Government plans to measure depth of Himalayan glaciers to assess water availability

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Government plans to measure depth of Himalayan glaciers to assess water availability

The project will start summer 2021, sometime in June-July, said, M Rajeevan, the Ministry’s secretary.

As global warming affects the Himalayas, the Ministry of Earth Sciences is planning to measure the depth of glaciers in the region to assess their volume and gauge the water available in them, officials said on Sunday.


The project will start next summer, sometime in June-July, said, M Rajeevan, the ministry’s secretary.

Mr. Ravichandran, the Director of the National Centre for Polar and Ocean Research (NCPOR), which will execute the project, said the country’s remote and high-altitude research centre, Himansh, is also studying the Himalayan climate.

The centre was established in 2016.

“The plan is to first study seven glaciers in the Chandra river basin,” he said.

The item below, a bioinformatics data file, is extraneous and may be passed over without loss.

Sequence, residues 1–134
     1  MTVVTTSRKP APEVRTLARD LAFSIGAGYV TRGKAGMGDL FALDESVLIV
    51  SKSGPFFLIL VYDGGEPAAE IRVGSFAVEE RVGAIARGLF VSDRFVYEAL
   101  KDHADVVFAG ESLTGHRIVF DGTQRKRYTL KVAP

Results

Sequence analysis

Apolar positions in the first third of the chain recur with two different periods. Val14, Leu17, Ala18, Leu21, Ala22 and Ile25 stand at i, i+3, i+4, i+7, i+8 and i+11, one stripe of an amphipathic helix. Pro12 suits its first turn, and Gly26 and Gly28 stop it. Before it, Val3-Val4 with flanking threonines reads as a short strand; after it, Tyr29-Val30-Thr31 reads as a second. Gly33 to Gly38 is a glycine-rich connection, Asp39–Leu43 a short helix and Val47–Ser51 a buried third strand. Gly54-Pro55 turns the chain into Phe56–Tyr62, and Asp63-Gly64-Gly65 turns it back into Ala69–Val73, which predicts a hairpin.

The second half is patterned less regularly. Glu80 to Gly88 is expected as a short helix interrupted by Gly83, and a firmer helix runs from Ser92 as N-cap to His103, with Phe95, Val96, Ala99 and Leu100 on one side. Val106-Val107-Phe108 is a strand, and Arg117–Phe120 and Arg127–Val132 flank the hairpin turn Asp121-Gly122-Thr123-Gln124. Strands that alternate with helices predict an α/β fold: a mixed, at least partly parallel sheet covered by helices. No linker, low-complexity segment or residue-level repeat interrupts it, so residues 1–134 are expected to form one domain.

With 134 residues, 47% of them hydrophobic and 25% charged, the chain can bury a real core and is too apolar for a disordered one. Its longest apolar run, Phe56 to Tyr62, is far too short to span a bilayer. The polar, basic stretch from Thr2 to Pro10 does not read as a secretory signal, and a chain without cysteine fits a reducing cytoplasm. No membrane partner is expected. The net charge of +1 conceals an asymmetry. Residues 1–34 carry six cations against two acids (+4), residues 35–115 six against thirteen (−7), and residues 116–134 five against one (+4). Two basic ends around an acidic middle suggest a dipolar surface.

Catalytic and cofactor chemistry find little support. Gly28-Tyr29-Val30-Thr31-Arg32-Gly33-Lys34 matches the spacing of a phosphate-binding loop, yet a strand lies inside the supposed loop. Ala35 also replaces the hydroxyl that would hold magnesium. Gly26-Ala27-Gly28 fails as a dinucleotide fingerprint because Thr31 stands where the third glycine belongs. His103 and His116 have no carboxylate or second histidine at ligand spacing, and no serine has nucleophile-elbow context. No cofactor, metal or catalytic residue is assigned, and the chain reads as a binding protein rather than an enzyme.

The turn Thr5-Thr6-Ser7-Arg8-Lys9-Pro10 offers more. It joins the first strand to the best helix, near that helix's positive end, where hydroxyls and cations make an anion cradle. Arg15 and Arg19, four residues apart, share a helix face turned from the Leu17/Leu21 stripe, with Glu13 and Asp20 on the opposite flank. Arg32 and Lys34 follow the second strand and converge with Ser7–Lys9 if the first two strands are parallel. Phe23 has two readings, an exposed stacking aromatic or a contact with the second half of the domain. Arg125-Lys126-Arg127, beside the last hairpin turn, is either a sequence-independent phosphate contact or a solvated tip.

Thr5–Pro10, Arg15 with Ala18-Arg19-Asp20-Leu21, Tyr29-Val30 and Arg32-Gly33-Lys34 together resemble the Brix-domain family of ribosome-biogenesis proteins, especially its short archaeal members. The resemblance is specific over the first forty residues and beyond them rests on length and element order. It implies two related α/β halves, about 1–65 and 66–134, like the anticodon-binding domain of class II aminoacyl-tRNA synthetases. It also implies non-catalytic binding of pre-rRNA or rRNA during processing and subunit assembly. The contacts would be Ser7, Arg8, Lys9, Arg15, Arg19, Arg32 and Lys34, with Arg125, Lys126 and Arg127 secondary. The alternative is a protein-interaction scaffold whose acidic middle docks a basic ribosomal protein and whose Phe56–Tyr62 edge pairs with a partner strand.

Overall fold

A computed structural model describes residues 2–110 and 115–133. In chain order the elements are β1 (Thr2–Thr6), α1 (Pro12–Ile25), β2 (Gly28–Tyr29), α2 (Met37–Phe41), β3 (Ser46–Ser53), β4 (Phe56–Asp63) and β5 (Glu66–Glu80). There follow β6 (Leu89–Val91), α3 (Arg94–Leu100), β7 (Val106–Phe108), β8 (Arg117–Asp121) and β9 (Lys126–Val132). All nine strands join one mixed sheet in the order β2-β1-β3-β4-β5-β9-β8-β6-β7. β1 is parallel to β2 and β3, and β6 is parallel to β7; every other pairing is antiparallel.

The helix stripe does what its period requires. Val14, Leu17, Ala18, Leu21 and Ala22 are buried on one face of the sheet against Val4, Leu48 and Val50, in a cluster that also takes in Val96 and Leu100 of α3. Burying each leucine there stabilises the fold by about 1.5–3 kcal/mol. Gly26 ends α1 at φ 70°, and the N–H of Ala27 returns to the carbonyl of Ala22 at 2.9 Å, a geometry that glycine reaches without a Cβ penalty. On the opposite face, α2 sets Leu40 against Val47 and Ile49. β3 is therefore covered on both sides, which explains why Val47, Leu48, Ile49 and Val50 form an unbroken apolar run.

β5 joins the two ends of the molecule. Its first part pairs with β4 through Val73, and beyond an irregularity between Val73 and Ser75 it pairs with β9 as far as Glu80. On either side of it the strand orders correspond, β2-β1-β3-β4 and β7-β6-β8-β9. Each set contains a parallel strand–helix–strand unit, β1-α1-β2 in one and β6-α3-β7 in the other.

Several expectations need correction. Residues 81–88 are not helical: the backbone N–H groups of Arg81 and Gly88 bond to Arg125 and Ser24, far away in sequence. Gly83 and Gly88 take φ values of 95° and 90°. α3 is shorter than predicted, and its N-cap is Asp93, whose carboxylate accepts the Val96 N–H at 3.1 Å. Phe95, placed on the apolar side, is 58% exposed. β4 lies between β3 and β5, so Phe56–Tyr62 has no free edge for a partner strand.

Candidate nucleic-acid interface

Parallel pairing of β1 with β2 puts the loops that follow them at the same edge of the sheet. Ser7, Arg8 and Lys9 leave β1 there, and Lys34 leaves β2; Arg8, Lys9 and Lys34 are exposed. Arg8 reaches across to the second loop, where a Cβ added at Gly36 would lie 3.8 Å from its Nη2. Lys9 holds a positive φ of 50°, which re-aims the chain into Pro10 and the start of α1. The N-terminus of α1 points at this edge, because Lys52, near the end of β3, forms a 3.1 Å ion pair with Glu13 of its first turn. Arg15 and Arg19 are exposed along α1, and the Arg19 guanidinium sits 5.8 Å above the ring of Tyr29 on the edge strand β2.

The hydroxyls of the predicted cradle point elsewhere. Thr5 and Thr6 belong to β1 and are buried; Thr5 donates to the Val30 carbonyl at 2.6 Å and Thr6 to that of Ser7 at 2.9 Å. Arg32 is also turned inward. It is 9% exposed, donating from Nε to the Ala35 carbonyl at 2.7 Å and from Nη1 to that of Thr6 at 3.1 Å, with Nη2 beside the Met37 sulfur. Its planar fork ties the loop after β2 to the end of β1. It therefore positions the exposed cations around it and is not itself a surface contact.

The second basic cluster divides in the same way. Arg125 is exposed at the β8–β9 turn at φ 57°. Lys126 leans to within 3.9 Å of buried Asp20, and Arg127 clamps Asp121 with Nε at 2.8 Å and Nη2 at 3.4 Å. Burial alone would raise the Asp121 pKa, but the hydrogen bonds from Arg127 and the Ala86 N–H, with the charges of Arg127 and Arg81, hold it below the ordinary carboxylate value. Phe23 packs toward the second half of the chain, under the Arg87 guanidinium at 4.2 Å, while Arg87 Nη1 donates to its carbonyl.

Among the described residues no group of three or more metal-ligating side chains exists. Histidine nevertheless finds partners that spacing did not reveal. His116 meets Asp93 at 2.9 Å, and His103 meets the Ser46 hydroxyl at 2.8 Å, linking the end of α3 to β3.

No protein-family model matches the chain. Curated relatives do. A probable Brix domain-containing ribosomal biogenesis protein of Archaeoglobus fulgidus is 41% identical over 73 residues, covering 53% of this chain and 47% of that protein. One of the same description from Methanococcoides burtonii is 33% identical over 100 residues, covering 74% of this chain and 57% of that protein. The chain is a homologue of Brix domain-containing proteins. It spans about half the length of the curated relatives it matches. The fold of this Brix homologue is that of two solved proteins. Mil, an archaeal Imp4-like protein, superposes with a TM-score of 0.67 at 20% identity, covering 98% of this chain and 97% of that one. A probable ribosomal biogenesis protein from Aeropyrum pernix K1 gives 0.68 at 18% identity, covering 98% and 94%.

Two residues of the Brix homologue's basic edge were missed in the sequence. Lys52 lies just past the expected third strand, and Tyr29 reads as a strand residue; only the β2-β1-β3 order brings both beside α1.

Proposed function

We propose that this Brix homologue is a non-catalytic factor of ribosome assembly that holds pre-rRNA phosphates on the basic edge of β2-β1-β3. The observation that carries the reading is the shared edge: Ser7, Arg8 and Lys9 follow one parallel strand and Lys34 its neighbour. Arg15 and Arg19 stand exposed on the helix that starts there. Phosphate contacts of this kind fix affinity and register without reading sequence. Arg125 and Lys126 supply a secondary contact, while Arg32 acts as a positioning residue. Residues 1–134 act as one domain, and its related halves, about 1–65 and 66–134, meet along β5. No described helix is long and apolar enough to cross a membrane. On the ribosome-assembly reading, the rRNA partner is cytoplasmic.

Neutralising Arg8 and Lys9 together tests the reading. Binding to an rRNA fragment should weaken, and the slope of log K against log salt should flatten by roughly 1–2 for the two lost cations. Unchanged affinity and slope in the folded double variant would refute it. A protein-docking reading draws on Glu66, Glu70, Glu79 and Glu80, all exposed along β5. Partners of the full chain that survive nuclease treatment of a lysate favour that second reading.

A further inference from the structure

The Chandra river is a major tributary of the Chenab river which itself is a tributary of the Indus.

The Himalayan glaciers are a major source of water for rivers originating from there. The Himalayan rivers are also a lifeline for the Indo-Gangetic plains, home to several million people.

The NCPOR director said while the area of the glaciers is already known with the help of satellites, what needs to be known is the volume.

“The purpose of studying the depth of the glaciers is to understand the volume. This will also help us understand the availability of water and whether the glaciers are increasing or shrinking,” Mr. Ravichandran added.

He said they will be using a radar technology that uses microwave signals. It can penetrate through the ice and reach the rocks, something which the satellite images cannot do. The signals, after reflecting on the rocks can help understand the depth.

“The U.S. and the U.K. have the technology. So, we will be taking help of that technology,” Mr. Ravichandran added.

At first, the plan is to use helicopters that will carry these radars. Once successful, subsequent studies would be carried out in the rest of the Himalayas.

Later, an aircraft or drone could be used depending on the radars for studying other glaciers, Mr. Ravichandran noted.